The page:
When Laura Calvert was growing up in a small farm community in Central Illinois, she never imagined she would have a career in agriculture. “I literally had a cornfield in my backyard,” Calvert says. “But sometimes it takes moving away to realize what you are called to do.”
Lake Forest’s Elawa Farm Foundation announced in January that Calvert was their new executive director. She succeeded Joanne Miller who had been with Elawa since 2008. She comes to Elawa Farm Foundation from Advocates for Urban Agriculture (AUA), where she served as executive director for three years. There, she led the organization through significant growth and innovative program development during her tenure. Before AUA, Calvert worked for the Chicago Botanic Garden for eight years. There, she managed business operations for Windy City Harvest, the Garden’s urban agricultural workforce development program. She oversaw the business development of more than 13 urban farms and trained hundreds of youth and adult participants.
Calvert appreciates that she’s joining Elawa at an unusual time in history.
“We were just starting to unfold some plans for spring when everything closed down because of the pandemic,” she shares. “But at the end of the day, what we do at Elawa deemed us as essential. We have such a great team here that is so adaptable, we’ve been able to keep moving forward. It’s been incredibly grounding to be at Elawa now, to be able to get my hands in the dirt, and to know that we’re making a difference.”
In quiet moments, not that there are many these days, Calvert wonders how the pandemic will shape the community’s relationship with Elawa. “People are wanting locally grown foods,” she says. “There has been such a renewed interest in people gardening from home. We’ve had the highest number of orders from our virtual market—our seedlings sold out.” Because Elawa was unable to open its Garden Market in the spring, they went online. Each week, people had the opportunity to order produce and products from the farm as well as other locally sourced producers where they could pick up curbside later in the week.
“It’s so important to me that Elawa Farm continues to be a good neighbor to the greater county area,” she explains. “Local farmers have really stepped up and met the need of providing food to those who need it. We want to do whatever we can to keep these connections strong.”
Calvert says that going forward, Elawa Farm plans to leverage its production to improve healthy food access to its neighbors. “This will go beyond just what we produce. There will also be an educational component to the culinary programs we offer that will be more public facing and more real time. If we happen to have chives from the garden, we’ll have some recipes ready to go to show you what you can do with them. The silver lining in all of this shutdown time is that there is a real interest in what’s happening on our farm.”
This summer, Calvert hopes that the community will participate in one of its many on-site workshops, camps, or even a yoga class. Additionally, Elawa Farm will be offering a free, 45-minute tour of its beautifully restored farm and garden every last Saturday of the month through September, beginning at 11 a.m.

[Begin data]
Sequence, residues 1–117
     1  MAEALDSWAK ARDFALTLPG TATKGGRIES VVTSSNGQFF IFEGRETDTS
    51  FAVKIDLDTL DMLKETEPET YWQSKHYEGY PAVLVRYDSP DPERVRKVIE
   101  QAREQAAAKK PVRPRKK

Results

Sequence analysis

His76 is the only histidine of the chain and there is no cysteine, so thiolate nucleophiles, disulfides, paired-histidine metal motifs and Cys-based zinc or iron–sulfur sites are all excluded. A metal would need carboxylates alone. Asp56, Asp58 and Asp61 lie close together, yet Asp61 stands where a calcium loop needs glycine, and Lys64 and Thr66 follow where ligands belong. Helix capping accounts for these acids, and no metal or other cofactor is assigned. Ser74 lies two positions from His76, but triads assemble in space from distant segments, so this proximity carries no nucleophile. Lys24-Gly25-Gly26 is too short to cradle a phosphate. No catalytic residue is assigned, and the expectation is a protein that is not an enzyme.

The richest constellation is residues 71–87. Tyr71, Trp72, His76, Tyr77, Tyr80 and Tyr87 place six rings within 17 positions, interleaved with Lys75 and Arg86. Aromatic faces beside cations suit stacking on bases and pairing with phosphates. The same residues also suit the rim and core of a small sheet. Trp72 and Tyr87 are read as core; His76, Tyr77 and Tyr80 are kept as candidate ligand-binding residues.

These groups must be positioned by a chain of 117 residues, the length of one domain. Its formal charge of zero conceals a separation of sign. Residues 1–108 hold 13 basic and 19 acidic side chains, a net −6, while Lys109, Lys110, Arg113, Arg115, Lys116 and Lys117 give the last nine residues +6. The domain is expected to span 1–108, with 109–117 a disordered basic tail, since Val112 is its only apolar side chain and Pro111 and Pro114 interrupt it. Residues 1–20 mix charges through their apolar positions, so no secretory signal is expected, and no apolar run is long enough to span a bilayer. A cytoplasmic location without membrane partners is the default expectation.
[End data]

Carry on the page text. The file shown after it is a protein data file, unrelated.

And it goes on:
The Elawa Farm Group was built in 1917 for A. Watson Armour, a member of one of Chicago’s oldest and most distinguished families, and is considered architecturally significant as a rare example of a Lake Forest gentleman’s farm. It is also noteworthy for its fine design and for its association with two very significant architects: David Adler and Alfred Hopkins. The farm’s name Elawa comes from a composite of two of its previous owners Elsa and A. Watson Armour and Lelia and Wallace Carroll, who purchased the property in 1954. The buildings forming the main farm group have been restored and adapted for today’s use to preserve Elawa Farm as a stunning example of estate farm architecture and a unique gem of Lake Forest.
Elawa Farm is a public-private partnership dedicated to the preservation and stewardship of a unique combination of natural setting, designed landscapes, and buildings of architectural and historic significance. In 1998, the City of Lake Forest acquired a 16-acre parcel of land, including the original farm buildings. This purchase created an opportunity for a unique partnership of public and private organizations to collaborate in the preservation and use of this property.
“I’m so honored to join the Elawa Farm community and lead the organization in its next chapter, alongside its dedicated board of directors and staff. Elawa is a truly unique and beautiful place. There is nothing else like this in the Midwest and I look forward to expanding its programs and presence in Lake Forest and beyond.”
To learn more, visit elawafarm.org. Vintage wooden bowl seen in above image available through ThePolohouse shop on Etsy; a Lake Forest based online shop. Wardrobe from Valentina, Winnetka, 847-446-5480.